No, winning an Olympic gold medal, becoming a reality television star, and undergoing a transgender transition in front of the rolling TV cameras do not a hero make.  But today, as I was again trying to ignore the deluge of stories about Jenner’s gowns, swim suits, and latest trips on the town, I saw a short article for the very first time that specifically described what they called Jenner’s transgender activism and her concern over the high suicide rates seen in the transgender community.  Is it possible that over the rush of applause and the flashing cameras, Jenner has begun to hear the words of folks like Beck and to recognize that it’s not all about glitz, glam, celebrity, and cash?   Perhaps she has started to recognize her privileged status and what true struggle is like?  Might she start to worry less about the dress and direct the full focus and determination she had shown so famously as an Olympian to help the next generation of transgender youths feel less isolated and more hopeful?  Dare we hope that she, the media, and so many in our reality show culture will finally begin to recognize that it’s not what transpires in front of the cameras and what’s seen in the public view, but rather, as John Wooden famously said, that “The true test of a man’s character is what he does when no one is watching”?  We shall see.

15 Random Facts

I’m an avid reader of “Nancy’s Point,” and she just posted a wonderful idea, challenging all of us who are also bloggers to post 15 random facts about ourselves.  I truly enjoyed learning more about Nancy through the facts that she posted, and as she said so well, “We are all about so much more than cancer.”  So I’m happily taking Nancy up on the challenge, and I hope that you, my wonderful readers, will also share a few things about yourselves here by leaving a comment on my blog.  So here it goes (with apologies if you know some of the below from previous blogs):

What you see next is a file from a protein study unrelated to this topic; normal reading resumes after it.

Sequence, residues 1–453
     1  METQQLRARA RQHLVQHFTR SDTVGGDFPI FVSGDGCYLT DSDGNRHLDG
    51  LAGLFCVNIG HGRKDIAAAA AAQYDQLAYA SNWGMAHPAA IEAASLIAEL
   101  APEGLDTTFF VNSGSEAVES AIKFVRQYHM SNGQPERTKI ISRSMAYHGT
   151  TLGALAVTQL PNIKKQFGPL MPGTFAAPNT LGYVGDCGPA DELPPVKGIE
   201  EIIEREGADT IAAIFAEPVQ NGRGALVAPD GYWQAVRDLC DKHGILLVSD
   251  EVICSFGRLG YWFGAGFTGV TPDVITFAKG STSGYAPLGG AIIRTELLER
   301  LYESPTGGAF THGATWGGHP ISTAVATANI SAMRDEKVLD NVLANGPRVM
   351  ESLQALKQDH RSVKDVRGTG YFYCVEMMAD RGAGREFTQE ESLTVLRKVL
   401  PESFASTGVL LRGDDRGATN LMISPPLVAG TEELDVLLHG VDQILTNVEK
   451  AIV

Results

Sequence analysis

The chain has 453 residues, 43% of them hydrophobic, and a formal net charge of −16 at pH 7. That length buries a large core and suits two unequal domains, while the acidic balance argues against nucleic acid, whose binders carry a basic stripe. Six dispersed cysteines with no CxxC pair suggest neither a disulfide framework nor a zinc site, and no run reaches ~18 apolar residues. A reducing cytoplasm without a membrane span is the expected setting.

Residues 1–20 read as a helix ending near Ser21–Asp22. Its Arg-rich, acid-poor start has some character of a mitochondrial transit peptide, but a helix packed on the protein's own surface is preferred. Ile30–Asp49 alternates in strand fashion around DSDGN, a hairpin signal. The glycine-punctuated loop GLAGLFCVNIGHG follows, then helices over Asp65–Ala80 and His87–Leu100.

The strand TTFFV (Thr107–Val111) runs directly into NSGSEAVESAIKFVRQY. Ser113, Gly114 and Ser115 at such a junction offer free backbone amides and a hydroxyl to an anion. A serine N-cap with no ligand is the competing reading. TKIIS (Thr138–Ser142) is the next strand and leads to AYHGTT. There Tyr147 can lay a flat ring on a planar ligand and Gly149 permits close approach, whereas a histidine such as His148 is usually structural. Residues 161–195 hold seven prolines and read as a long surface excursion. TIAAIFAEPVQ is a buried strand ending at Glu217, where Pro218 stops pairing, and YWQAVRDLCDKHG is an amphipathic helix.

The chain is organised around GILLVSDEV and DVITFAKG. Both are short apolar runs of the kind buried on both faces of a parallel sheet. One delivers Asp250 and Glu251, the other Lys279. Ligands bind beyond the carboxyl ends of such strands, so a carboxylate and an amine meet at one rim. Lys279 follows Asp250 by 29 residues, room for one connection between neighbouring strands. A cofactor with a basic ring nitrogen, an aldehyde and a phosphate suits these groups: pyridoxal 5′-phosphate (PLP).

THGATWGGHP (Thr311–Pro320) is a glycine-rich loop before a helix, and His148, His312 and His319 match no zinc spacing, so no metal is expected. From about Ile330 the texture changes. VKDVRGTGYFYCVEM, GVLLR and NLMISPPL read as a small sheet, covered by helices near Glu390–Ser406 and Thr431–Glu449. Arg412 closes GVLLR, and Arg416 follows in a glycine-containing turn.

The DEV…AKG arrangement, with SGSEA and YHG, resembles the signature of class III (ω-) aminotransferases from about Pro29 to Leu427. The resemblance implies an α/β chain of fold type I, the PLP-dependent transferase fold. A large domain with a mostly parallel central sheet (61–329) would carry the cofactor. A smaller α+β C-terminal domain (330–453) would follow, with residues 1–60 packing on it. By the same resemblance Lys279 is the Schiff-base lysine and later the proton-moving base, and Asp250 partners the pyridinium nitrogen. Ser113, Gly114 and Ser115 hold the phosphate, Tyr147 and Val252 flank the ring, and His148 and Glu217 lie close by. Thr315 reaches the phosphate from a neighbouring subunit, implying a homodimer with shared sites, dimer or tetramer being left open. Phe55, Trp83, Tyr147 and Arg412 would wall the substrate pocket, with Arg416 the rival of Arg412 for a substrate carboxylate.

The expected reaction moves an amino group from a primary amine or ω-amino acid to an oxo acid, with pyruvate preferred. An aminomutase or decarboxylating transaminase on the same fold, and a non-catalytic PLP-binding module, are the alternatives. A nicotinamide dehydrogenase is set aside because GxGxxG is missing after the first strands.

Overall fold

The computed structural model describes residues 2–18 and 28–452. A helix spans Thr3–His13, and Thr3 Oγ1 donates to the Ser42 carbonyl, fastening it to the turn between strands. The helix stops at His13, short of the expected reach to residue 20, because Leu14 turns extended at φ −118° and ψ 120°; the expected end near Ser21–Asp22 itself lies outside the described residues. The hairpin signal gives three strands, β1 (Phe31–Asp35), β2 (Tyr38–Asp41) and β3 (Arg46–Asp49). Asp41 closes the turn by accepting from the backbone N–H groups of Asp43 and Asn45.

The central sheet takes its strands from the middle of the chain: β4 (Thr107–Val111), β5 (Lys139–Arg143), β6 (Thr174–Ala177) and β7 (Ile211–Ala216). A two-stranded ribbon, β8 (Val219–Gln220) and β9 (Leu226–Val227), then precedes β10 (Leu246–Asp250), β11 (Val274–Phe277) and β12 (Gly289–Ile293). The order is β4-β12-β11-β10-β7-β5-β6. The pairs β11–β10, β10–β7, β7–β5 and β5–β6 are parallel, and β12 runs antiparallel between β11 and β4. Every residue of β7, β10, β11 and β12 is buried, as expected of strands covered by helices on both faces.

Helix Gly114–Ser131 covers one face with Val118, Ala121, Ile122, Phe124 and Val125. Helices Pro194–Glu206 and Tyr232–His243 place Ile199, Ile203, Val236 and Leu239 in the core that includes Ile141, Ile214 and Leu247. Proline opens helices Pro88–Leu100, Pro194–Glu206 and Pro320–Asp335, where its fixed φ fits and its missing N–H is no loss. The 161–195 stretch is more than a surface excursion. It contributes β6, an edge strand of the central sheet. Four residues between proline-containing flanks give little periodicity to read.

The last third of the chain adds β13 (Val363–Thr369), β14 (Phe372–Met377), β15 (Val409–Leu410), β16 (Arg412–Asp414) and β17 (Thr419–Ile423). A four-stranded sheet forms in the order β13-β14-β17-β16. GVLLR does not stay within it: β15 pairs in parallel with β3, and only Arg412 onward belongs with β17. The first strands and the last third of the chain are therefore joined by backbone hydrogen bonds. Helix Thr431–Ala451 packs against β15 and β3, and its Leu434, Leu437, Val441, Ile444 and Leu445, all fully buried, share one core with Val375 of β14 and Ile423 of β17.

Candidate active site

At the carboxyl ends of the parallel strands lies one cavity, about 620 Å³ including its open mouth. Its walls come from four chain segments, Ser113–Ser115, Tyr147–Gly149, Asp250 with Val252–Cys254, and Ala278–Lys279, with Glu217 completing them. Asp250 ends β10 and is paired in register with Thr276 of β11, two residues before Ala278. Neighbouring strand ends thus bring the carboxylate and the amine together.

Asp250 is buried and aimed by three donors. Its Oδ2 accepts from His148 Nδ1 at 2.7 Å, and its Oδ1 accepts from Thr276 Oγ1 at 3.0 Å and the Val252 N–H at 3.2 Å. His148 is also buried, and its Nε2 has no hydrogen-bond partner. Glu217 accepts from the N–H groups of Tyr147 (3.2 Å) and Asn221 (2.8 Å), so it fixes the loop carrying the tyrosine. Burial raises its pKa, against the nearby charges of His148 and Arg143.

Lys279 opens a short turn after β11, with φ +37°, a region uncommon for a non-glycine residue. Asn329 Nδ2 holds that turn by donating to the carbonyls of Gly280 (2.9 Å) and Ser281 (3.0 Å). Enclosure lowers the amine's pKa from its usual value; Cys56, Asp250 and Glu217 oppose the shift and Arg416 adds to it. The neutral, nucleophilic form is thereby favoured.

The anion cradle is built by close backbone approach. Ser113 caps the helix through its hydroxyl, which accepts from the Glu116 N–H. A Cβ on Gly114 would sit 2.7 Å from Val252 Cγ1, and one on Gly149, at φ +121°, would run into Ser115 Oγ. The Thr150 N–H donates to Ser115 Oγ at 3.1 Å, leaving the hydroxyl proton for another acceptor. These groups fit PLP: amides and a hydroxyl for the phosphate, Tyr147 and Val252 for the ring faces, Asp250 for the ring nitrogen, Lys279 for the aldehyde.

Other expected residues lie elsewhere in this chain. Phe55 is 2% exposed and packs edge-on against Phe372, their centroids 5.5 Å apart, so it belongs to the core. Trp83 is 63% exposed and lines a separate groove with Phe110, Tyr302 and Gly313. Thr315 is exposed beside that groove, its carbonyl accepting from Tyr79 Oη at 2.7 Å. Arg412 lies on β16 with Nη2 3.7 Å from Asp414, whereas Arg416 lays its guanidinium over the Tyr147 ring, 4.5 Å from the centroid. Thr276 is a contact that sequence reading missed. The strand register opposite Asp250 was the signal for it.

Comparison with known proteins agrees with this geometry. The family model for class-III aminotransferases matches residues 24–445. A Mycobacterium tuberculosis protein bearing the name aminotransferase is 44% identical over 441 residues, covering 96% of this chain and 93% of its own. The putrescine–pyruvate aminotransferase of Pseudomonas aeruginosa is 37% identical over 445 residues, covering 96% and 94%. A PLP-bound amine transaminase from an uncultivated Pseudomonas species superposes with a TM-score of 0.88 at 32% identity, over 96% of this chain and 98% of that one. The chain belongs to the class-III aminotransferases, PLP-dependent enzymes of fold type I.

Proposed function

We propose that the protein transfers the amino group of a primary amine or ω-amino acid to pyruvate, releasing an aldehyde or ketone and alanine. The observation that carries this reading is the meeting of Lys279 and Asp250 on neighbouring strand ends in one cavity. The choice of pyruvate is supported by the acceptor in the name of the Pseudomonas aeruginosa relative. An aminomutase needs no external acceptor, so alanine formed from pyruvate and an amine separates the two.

1. I have one younger sister, who is brilliant, hilarious, extremely talented artistically, beautiful, opinionated, loving, and unique in all the right ways. I’m blessed that she is my sister, and she is the best friend that anyone could ever have.  My mother and father were married very young and had my sister and I when they were in their early 20s (I can’t even imagine!).  They both still look so young for their ages (they’re now in their early 70s).  They’ll say that I can’t be objective, but my mother is gorgeous, and, as the kids today would say, my father is still a “hottie”!  I’m incredibly close to both of my parents, and I thank God that I’m their daughter every day.
  2. I’m impatient: I know that “patience is a virtue,” but damn, this is a tough one for me to achieve. I hate waiting in lines, despise going through airport security, drive much too fast (though I’ve improved a bit there), and resent having to go through endless “phone trees” when you have to keep shouting “YES” or “NO” to the automated voice’s endless questions, never get a real person, and are then disconnected!!! (Yes, this did happen to me just recently. ;)
  3. My husband and I just celebrated our 22nd wedding anniversary yesterday on July 10th!  And my parents just celebrated their 52nd (holy cow!)